A woman makes a face while going over her tax documents.

Maybe you worked your first job last year. Maybe you've had friends, family or professionals filing your taxes for years. Whatever your personal circumstances, you're finally ready to take the plunge. Taxes can seem complicated and cumbersome, but if you're nervous about doing your taxes for the first time, we've got you covered. Here are some tips to help you get started.

Determine Your Need To File

The first step in filing your taxes is determining if you need to file. If you are under age 65, single and had gross income of at least $12,000, you must file your taxes. Chart A can be found on page 10 of the instructions for 2018's 1040 and gives a detailed picture of whether or not you need to file. However, even if you don't need to file a return, if your employer withheld federal taxes from your paycheck, you may be entitled to a refund, so it is in your best interest to file.

1040EZ

Don't let long forms and complicated language intimidate you. A majority of people who are filing their taxes for the first time are qualified to file using IRS Form 1040EZ. If you earned less than $100,000 in taxable income, do not claim any dependents and file as single or married filing jointly, you are eligible to file using this form.

Get All Your Paperwork in Order

Before you start to file, make sure you have received a Form W-2 from every employer you worked for. It not only provides you with your gross wages, but also informs you of how much you have already paid towards your federal taxes throughout the year.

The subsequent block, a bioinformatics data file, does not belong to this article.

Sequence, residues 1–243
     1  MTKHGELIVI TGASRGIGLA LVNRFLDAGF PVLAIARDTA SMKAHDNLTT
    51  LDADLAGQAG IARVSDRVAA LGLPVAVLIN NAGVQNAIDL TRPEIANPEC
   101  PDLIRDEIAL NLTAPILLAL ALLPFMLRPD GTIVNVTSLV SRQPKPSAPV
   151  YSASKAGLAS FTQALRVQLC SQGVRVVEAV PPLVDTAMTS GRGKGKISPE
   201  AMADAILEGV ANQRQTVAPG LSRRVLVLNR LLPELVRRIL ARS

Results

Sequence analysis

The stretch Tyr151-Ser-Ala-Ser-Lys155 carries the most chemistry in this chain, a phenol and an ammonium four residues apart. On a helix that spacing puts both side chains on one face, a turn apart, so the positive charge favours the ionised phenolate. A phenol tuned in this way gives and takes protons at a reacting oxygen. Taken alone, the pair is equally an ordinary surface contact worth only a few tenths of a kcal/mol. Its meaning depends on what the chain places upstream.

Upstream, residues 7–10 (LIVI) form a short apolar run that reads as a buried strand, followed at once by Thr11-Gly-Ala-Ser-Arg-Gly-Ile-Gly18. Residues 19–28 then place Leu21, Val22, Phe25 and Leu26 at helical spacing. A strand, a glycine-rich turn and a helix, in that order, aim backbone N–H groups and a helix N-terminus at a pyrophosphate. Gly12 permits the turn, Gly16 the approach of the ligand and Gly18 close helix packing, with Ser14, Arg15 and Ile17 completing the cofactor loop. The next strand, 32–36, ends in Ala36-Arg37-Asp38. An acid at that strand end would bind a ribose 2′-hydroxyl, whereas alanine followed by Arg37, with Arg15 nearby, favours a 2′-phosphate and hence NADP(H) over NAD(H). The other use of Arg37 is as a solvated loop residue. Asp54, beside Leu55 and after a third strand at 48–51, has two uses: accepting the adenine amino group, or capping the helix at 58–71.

Contract and Freelance Work

Many of us have to pick up side jobs to make ends meet. If you performed freelance or contract work and earned at least $600, you must also have a 1099 from the company you worked with before you file your 1040.

Retirement Contributions

If you have been contributing to a 401(k), 403(b) or other retirement plan through your employer, you may be able to claim the Retirement Savings Contribution Credit. While a deduction reduces your taxable income, a credit reduces your tax liability dollar-for-dollar. The maximum credit amount is $2,000 if you are single or married filing separately or $4,000 if you are married filing jointly. This means, if you are single, owe $2,900 in taxes and qualify for a $2,000 Retirement Savings Contribution Credit, your tax liability for the year is reduced to $900.

The Power of Deductions

On December 22, 2017, President Trump signed the Tax Cuts and Jobs Act and shook the personal income tax industry to its core. Some of these laws have not yet gone into effect but many of them have, and they benefit the average, hardworking American. The TCJA nearly doubled the standard deduction for single filers to $12,000 and joint filers to $24,000. In 2017, the standard deduction was $6,350 for single individuals and married couples filing separately. The vast majority of Americans could not afford to make enough charitable contributions to reduce their taxable income past the standard deduction while also keeping themselves and their families above water.

Next Steps

Getting a refund feels great, especially if you feel overwhelmed by debt. However, this money would serve you much better throughout the year. If you receive a large refund, talk to your employer's HR department about adjusting your withholdings for 2019 by adjusting your W-4. The more allowances you claim, the less money will be withheld from each paycheck. If you had no tax liability in 2018 and expect to have no tax liability in 2019, your employer will not withhold any federal taxes from your paycheck.

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